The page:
After leaving Lincoln, Freck made a real name for himself at both Peterborough and Rotherham. His last action in a Lincoln shirt was scoring a last-minute equaliser as we snatched a result against Bournemouth having been 3-1 down with four minutes remaining. He departed days later, replaced (of sorts) by Michael O’Connor until the end of that season. He made seven League One appearances for Posh before the season ended, but broke through to make almost 40 Championship appearances the season after, although they were relegated. Injury blighted the 2010/11 season for him, but he was back playing Championship football the season after, grabbing five goals in the process.
He played just six matches of the following season in the second tier before surprisingly dropping down to League Two to play for Steve Evans and Rotherham United. He smashed a debut goal against Aldershot and bagged eight more as Rotherham were promoted. Rather ironically, he ended the season partnering Michael O’Connor.
If he hadn’t already endeared himself to Millers fans, the opening few days of 2013/14 certainly etched his name into their hearts. He grabbed a brace on the opening day as they drew at Gresty Road, including a last-minute winner. Three days later his 38th minute goal gave them a 2-1 victory in the Carling Cup against local rivals Sheffield Wednesday. 49 appearances and 13 goals later he found himself back in the Championship, partly responsible for the awful sight of Evans bounding up the Wembley touch-line after the play-off win against Leyton Orient.
In 2015 he was made Rotherham captain, a position he still holds today. At 32 he’s approaching the latter stages of his career, but having only played once in the fourth tier since leaving Lincoln he has shown consistent ability since we last saw him. He’s a goal scoring midfielder, fitting the bill of the rumour I’ve heard, but his wages may be a stumbling block. The again, Danny has always said he is willing to pay a player what he is worth, what price on an emotional home-coming for one of our best youth system products? What price on an experienced attacking midfielder, a player who has ‘been there, done that’ in terms of our ultimate goal, Championship football?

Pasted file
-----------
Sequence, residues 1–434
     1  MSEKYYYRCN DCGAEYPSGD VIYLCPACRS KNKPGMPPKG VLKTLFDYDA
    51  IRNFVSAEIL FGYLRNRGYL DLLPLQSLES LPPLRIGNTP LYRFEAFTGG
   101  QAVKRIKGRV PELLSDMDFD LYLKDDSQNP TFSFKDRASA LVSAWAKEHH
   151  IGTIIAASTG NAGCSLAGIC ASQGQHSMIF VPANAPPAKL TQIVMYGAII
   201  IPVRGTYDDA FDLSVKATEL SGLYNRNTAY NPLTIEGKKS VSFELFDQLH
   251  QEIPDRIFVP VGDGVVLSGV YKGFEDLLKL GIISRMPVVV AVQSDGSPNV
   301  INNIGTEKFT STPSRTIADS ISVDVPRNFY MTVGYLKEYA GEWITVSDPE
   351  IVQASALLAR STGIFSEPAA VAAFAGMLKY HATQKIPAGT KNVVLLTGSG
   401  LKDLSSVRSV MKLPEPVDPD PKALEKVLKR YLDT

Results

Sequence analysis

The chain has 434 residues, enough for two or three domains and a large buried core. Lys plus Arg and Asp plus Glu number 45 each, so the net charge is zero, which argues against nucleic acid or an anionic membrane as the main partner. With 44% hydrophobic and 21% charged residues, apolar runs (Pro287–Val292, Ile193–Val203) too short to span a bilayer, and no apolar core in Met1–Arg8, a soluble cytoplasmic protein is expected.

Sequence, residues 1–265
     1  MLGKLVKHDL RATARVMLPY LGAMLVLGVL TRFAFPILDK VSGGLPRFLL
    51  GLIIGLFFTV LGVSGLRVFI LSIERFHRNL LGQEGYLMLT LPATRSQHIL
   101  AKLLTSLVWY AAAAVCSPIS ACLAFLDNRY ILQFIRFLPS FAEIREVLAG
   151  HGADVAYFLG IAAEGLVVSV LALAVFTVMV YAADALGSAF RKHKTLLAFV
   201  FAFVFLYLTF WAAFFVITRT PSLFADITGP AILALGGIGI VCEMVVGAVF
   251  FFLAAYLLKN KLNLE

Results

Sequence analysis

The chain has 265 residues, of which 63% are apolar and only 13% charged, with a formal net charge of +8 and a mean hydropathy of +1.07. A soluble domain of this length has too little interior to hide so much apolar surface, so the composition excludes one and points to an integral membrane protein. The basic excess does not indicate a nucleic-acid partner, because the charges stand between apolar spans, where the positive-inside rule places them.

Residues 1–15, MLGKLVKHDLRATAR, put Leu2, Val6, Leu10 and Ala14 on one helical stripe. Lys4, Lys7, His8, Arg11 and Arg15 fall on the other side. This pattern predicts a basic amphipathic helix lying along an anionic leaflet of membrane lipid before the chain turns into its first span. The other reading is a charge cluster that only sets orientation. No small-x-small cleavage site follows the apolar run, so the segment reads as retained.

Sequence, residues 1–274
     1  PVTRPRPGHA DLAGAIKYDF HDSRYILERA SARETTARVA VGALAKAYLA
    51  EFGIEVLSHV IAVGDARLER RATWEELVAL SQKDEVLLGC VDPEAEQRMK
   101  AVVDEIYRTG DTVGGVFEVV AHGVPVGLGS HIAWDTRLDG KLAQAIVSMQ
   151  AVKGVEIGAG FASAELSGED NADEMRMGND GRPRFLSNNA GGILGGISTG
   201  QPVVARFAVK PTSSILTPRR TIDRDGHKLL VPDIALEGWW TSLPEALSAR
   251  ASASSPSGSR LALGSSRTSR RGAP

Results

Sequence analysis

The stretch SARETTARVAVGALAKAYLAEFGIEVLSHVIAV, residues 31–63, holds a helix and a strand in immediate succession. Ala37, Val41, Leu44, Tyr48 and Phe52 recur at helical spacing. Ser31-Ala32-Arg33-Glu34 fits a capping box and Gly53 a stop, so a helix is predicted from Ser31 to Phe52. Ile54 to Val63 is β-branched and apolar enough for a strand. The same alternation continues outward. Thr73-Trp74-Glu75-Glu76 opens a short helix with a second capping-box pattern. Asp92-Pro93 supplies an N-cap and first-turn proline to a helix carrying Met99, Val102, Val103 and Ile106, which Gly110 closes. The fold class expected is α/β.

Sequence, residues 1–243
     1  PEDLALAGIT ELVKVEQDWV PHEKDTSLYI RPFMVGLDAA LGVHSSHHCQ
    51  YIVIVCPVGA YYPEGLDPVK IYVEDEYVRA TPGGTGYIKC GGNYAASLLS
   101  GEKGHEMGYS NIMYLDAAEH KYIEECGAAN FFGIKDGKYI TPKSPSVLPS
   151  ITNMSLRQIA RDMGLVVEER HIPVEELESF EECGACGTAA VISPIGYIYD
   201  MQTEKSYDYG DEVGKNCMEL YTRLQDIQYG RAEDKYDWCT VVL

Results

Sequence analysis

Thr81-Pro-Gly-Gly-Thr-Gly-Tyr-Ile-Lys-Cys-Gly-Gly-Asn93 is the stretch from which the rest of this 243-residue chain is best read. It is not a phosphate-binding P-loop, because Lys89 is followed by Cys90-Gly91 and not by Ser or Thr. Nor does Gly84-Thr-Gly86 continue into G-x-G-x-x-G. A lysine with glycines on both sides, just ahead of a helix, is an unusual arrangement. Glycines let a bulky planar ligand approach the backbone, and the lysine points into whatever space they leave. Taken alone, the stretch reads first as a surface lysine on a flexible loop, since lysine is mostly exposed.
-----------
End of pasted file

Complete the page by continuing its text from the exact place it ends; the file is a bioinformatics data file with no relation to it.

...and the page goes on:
The likelihood is that this is no more than rumour and chatter, half truth and circumstance combining to create a fanciful titbit to spread around the terraces. However, I wouldn’t rule out seeing Lee in Lincoln City colours one day and I certainly wouldn’t rule out seeing him in coaching or management at the conclusion of his playing days. He’s a likeable lad, Lincoln through and through and he’d be an asset to this club at any stage of his career.
Today’s pictures were provided by Graham Burrell, just a couple that didn’t make it into our excellent book, Imperfect Focus. Time is running out if you want to secure an exclusive print from Graham along with your order. He’s doing one-time copies of some of his private collection, unique pictures not in the book, for the first 200 orders. We’re nearing that number now but if you’re quick, you might just get in.
It’s £16, or £19 if you want it posting, but please order as soon as possible! Don’t miss out!